Growth in Saudi Arabia's private sector slowed to its lowest mark for four months in September, according to the latest Emirates NBD Purchasing Managers’ Index (PMI).
At 53.4 in September, down from 55.1 in August, the headline seasonally adjusted PMI was well below the historical average during the latest survey period.
Job creation was marginal overall in September. The rate of job growth eased to a ten-month low in the most recent survey and well below the series’ historical average.
Output across the non-oil private sector increased at a slower rate during September, as inflows of new orders also slowed, according to anecdotal evidence.
Client demand for goods and services across Saudi Arabia’s non-oil private sector rose during September, thereby extending the current sequence of growth to five months.
That said, the rate of growth eased in the latest survey, with September’s rise being the second-weakest in the period. Furthermore, new export orders deteriorated for the first time since May.
Partly in response to easing new order growth, backlogs of work at non-oil private sector companies increased at the slowest pace in four months. The rate of build-up was slight overall.
On the price front, input price inflation eased to a four-month low in September amid falling wage bills. Meanwhile, non-oil private sector companies lowered their selling prices for the third month in a row during the latest survey period.
Despite a weaker expansion in September, companies remained optimistic towards future growth prospects. According to anecdotal evidence, new project wins underpinned positive sentiment. The overall level of confidence was at a four-month high.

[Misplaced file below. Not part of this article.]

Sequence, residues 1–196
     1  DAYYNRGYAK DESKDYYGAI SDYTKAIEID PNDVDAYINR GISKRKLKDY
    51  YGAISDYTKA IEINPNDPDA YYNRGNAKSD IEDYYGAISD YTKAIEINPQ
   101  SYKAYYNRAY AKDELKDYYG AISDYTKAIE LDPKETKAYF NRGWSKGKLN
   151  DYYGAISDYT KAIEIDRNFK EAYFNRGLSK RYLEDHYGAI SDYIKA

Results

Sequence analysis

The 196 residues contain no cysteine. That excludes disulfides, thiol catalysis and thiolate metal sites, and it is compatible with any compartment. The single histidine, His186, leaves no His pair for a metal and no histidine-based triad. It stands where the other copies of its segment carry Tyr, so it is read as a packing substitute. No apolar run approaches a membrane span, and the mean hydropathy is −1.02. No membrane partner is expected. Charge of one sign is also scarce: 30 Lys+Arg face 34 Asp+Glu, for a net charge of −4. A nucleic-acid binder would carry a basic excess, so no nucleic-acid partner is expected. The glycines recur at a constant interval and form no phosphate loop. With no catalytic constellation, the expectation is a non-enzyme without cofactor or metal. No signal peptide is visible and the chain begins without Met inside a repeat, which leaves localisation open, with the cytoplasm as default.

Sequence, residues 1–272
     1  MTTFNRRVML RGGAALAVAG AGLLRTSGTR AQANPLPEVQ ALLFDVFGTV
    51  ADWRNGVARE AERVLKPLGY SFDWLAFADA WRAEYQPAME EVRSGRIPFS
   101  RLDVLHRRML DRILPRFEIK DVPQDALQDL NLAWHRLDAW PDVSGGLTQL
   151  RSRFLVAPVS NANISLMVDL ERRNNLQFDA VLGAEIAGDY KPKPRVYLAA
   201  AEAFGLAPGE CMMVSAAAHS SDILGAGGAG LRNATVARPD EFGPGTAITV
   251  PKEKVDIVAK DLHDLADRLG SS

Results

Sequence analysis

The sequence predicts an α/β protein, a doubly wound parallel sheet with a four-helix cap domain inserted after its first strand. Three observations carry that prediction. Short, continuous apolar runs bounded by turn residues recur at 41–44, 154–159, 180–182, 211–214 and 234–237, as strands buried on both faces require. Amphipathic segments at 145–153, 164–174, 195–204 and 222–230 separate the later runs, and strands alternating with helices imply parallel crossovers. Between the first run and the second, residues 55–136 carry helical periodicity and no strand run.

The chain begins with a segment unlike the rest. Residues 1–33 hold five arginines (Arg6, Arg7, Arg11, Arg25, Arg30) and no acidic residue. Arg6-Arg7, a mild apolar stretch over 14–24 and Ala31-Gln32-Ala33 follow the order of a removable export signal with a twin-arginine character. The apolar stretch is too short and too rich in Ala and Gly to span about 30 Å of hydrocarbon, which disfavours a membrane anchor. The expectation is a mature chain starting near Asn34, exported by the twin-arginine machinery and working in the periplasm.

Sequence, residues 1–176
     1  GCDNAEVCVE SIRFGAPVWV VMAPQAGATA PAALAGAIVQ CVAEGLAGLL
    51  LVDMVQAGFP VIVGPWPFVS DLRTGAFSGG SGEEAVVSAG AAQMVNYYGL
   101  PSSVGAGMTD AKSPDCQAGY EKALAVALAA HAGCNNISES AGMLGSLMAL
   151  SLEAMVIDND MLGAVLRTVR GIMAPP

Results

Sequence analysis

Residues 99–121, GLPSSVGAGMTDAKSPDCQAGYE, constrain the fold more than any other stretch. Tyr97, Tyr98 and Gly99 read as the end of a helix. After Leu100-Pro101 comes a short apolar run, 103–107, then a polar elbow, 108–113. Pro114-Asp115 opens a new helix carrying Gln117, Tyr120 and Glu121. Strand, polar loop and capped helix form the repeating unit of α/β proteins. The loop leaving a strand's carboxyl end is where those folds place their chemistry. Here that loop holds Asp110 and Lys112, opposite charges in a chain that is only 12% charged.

Khatija Haque, head of MENA Research at Emirates NBD, said:
“The decline was due to softer growth in output and new orders, with new export orders contracting last month. Employment and inventory growth were also weaker in September, weighing on the headline PMI.
“The employment index fell to 50.7 in September, the lowest since November 2017, as nearly 97 percent of firms surveyed indicated ‘no change’ in staffing last month.
“Despite the relative softness in the September survey, the PMI for Q3 was higher than both Q1 and Q2 2018, with output and new work rising at a faster rate than in the first half of this year. However, this did not translate into faster employment growth and staff costs were flat on average in Q3.
“The September survey data points to slower growth in the non-oil private sector in last month, which is surprising given the backdrop of rising oil prices and sharply higher oil production since June. However, we remain optimistic that sustained higher oil production will support faster expansion in the non-oil sectors in Q4, particularly manufacturing, transport and logistics."For all the latest business news from the UAE and Gulf countries, follow us on Twitter and Linkedin, like us on Facebook and subscribe to our YouTube page, which is updated daily.
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